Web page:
The second speaker in the TCI OCEANIA CONFERENCE 2020 online conference was the author of the Cluster Development Handbook” Ifor Ffowcs-Williams on ‘Why cluster are resistant to industry shocks’.
Reflecting the ‘buzzing of people’ and quoting the book ‘The Wisdom of Crowds’ by James Surowiecki and the lessons for leadership of cluster Ifor started his talk saying that the best collective decisions are the product of disagreement and contest not consensus or compromise. This may appear counter-intuitive when looking for the smooth way forward for the development of a cluster, with Ifor further elaborating that we need to fight but need to be able to resolve those, adding “We need to be able to integrate different insights in establishing a way forward.”
Using Catalonia’s 28 years of cluster experience and the new ways they have responded to Covid with speed with new collaborations he singled out their approach to ‘cluster boards’. They describe the operation of cluster boards as the equivalent of a Jazz band with members reacting to social cues, there is no conductor, it’s self-organising and resembles more of an ensemble. They define the board as a voluntary coalition of preferred leaders who are able to integrate their knowledge and perspectives. A board who are able to progressively work as a team, particularly as trust is developed and are aligned on the bigger picture. One that can establish a culture of co-opetition amongst competitors. “Its active governance we need, with players and not spectators” added Ifor.
Interestingly he noted that the role of the board was not to develop the cluster strategy but rather the process from which the strategy emerges. This equates to a bottom-up process that draws on the wisdom of the crowd with the cluster manager drawing deep on this knowledge. He proposed that a key role of the board is to garner the resources to implement that strategic agenda. In describing this upgrading to a strategic agenda as different to a strategic plan he said a strategic plan identifies the cluster’s priority activities to be undertaken within the available resources. A strategic agenda, on the other hand, is not constrained by the current availability of resources, highlights the priority activities, seeks partners to resource implementation and is underpinned by a what he called a ‘Coalition of the Willing’ made up of the board and other agencies.
Drawing on his personal experience he shared the danger signs to watch out for with Cluster Boards. He warned to avoid any sort of ‘old boys club’ which maintain status quo, ones with second-level managers not CEOs, ones from the same industry bodies or with similar technical backgrounds, education, agenda and gender. “We need diversity with different insights coming together on these boards” explained Ifor.
Moving further into the management of cluster boards he described some as more akin to a ‘one-man band’ quoting some Australian examples that challenge the normal structure. Within this reduced structure he describes the cluster manager as a change agent, a catalyst, one who connects people and build relationships acting as a strategic guide or a ‘critical friend’. Quoting the words of a Swedish cluster manager defining their role he said they acted as “junction box and a port for projects”. In giving advice to cluster managers he said to view projects as the cluster’s engine room adding “Go with the opportunities and the passion. If there is no passion around a project, leave it on the back burner and come back to it later.” In changing the structure from master/slave he also proposed that projects should be done with the cluster stakeholders rather than for them and also warned that they should not be the project manager who gets lumbered with the all the tasks.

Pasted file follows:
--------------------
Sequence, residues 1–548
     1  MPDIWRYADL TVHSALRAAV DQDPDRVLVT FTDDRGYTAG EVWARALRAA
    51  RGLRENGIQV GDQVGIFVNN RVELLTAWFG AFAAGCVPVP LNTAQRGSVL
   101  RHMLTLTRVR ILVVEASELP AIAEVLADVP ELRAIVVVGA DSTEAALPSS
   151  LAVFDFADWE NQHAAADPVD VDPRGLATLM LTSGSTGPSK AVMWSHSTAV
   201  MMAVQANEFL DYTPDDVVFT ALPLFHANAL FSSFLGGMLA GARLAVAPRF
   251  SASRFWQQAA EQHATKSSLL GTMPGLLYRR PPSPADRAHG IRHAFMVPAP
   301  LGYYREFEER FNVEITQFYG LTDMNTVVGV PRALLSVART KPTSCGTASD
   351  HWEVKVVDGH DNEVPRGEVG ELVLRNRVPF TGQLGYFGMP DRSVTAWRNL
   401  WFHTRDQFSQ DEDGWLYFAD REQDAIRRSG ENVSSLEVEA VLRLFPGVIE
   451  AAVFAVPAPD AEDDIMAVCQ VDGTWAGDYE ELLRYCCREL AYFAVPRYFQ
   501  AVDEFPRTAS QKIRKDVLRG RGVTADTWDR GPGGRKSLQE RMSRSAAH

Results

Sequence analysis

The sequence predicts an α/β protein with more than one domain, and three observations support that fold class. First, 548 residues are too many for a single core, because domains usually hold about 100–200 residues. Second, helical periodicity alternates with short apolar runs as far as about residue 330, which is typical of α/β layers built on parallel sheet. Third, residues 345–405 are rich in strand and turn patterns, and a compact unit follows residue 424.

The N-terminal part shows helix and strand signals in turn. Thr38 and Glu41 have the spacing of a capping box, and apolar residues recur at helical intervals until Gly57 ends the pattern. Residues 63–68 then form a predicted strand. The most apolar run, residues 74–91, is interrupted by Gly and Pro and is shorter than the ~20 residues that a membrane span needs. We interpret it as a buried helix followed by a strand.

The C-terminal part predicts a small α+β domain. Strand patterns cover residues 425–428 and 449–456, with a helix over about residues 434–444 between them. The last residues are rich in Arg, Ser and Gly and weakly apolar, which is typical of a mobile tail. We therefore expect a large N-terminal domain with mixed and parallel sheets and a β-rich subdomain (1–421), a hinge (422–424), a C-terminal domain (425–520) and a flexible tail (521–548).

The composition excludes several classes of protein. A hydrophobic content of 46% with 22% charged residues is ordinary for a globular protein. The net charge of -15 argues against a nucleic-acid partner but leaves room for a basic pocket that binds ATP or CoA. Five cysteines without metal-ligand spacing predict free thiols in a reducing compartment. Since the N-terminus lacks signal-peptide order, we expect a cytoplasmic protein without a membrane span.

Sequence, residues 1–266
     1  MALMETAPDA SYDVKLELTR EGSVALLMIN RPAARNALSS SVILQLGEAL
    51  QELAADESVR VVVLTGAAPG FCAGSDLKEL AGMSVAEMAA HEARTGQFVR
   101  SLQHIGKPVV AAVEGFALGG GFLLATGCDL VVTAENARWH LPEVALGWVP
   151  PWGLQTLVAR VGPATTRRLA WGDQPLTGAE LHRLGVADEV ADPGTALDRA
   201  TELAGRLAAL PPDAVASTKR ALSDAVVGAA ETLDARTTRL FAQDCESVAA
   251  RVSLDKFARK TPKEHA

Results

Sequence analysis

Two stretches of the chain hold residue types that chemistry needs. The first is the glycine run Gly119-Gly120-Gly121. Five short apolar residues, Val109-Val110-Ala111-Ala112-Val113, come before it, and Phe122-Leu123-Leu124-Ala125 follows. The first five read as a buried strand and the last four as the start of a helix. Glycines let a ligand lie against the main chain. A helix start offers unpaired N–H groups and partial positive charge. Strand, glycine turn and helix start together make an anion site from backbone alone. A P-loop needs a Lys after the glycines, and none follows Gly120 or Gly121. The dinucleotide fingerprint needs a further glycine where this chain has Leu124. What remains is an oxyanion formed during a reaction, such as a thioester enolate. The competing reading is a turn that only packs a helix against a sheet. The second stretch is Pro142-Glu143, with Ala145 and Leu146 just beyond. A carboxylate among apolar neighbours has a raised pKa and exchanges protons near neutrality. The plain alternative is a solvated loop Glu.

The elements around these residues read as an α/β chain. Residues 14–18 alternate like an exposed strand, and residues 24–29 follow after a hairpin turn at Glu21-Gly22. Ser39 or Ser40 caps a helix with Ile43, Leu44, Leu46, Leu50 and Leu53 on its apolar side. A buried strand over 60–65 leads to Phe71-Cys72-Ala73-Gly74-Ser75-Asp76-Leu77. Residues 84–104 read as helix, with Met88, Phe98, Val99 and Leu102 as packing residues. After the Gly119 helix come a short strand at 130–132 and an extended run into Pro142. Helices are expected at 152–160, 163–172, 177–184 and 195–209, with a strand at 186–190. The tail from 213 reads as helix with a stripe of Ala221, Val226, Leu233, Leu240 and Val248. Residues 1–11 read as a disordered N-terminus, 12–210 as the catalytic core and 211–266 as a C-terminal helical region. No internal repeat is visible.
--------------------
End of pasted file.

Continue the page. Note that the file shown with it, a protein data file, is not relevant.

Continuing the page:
A cluster manager is not in place to maintain status quo but rather acting as a disrupting change agent with Ifor warning “Set backs are integral to working on the edge. You have no power to instruct people and results come through persuasion, not coercion, so you have to build your soft power”. In finishing up Ifor advised that in times of crisis that focus should be on what is happening at the peripheries of clusters as this is where new markets, applications innovation will develop adding “This involves creative thinking, learning by doing and avoiding paralysis by analysis. Move at the speed of business. It may be chaotic but this is healthy. Expect failures, without them it may be a sign you are taking it too easy.”
In moving from shock to survival he encouraged people to think big, start small, move fast and build teams. “As a cluster manager you cannot do this flying solo. A key thing you have is the knowledge of whose who, who can you pull in from different teams to make things happen” he added. In a question on what should a cluster manager be doing to help companies who are trying to survive in the current crisis he responded “You should be listening to the companies, identifying the pressure points and needs while trying to spot what companies are doing. Then consider bringing teams together to explore some of the innovation and approaches they could collaboratively work on.”
Responding to queries on triple helix cluster board composition of business, academia and public bodies he responded that “You need hand-selected members at the right level who are willing to work in a culture of co-opetition and collaboration. Sometimes in the pursuit to find a common agenda you find areas that are fairly micro to the bottom line of businesses. Rather ‘go with the willing’, identify what the interests around a particular area are, engage with it, test it and see if it works. Maybe double up the effort or move on to another area”